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Andrew Jones
Andrew Jones

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SEO Can Be Deceiving - Especially in NPM Packages

I was recently working on head tag management in React apps, so I searched uncle Google for "react head manager."

The entire first and second pages of results mentioned two packages, react-helmet and react-head. I had heard of React Helmet before, which has over 1 million weekly downloads and decent maintenance, while React Head was a lesser-known package with only 6.5 thousand weekly downloads and less maintenance.

react-helmet logo

It seemed like a no-brainer at first: react-helmet was the way to go. But I asked myself, what motivated someone to use react-head and what motivated 6,500 people to use it weekly?

I looked deeper: the react-head documentation linked to an article which discussed some issues with react-helmet, mostly that it isn't thread-safe which can lead to problems with SSR.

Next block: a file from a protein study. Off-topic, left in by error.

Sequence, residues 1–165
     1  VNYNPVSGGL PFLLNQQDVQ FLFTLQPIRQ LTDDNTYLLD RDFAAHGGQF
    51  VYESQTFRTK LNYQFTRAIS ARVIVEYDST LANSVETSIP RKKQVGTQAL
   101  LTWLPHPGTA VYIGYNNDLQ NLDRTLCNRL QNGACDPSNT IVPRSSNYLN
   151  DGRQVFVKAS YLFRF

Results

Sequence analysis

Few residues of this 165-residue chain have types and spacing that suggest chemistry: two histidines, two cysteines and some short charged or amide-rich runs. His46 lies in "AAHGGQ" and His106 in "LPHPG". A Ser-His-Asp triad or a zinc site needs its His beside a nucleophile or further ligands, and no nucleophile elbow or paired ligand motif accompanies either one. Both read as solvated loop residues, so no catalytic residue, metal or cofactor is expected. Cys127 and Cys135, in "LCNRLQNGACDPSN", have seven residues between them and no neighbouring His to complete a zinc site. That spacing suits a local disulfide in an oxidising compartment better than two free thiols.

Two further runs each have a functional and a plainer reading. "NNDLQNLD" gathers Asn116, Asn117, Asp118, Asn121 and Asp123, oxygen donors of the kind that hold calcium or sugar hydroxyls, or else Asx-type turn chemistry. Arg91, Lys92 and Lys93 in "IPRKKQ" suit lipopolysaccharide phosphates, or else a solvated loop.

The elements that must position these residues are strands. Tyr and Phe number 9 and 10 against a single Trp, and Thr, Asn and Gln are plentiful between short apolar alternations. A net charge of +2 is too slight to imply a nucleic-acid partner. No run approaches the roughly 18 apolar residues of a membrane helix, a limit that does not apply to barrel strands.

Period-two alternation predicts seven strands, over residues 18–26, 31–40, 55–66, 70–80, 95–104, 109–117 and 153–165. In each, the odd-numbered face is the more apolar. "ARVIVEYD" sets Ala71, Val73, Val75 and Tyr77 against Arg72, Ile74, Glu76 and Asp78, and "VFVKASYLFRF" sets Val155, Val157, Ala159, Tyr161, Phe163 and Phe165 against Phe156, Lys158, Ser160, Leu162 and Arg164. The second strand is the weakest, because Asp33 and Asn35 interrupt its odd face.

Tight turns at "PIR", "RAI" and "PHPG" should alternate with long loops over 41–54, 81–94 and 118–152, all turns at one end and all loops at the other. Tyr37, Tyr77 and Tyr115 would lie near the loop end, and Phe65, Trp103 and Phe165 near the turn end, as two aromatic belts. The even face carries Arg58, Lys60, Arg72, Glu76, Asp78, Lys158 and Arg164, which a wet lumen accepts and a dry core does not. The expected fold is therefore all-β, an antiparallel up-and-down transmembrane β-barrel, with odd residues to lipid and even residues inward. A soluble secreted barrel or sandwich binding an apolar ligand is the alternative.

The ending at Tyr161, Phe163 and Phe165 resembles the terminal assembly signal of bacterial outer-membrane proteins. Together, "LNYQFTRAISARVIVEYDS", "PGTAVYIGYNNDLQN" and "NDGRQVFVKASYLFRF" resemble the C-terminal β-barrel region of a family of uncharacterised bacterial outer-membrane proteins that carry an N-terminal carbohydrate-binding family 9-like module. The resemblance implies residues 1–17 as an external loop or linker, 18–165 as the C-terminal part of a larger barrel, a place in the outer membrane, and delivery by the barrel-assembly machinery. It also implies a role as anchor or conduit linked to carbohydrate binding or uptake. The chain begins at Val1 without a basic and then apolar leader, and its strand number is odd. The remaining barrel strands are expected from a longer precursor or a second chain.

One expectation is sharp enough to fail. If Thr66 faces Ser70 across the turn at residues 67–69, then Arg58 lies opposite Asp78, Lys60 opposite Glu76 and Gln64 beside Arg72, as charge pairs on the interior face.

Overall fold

I investigated more and found out that react-helmet-async was forked off react-helmet by the fantastic React team at the New York Times, and this package has fixed the SSR / async issues from react-helmet. react-helmet-async has 1.6 million weekly downloads and growing, better maintenance than the other choices, and less open issues and a smaller bundle size than react-helmet.

For my team, react-helmet-async is the clear choice. But a Google search didn't mention it until the third page of results! Takeaways:

  1. JS developers often suffer from "just use the first package we can find from NPM - get the job done!" Instead, take the time to research and compare packages.

  2. Get in the habit of questioning: ask yourself why two packages are both maintained if they do roughly the same thing, for example. Ask yourself why two string methods exist, if they accomplish roughly the same thing (maybe one performs better for example). Ask questions.

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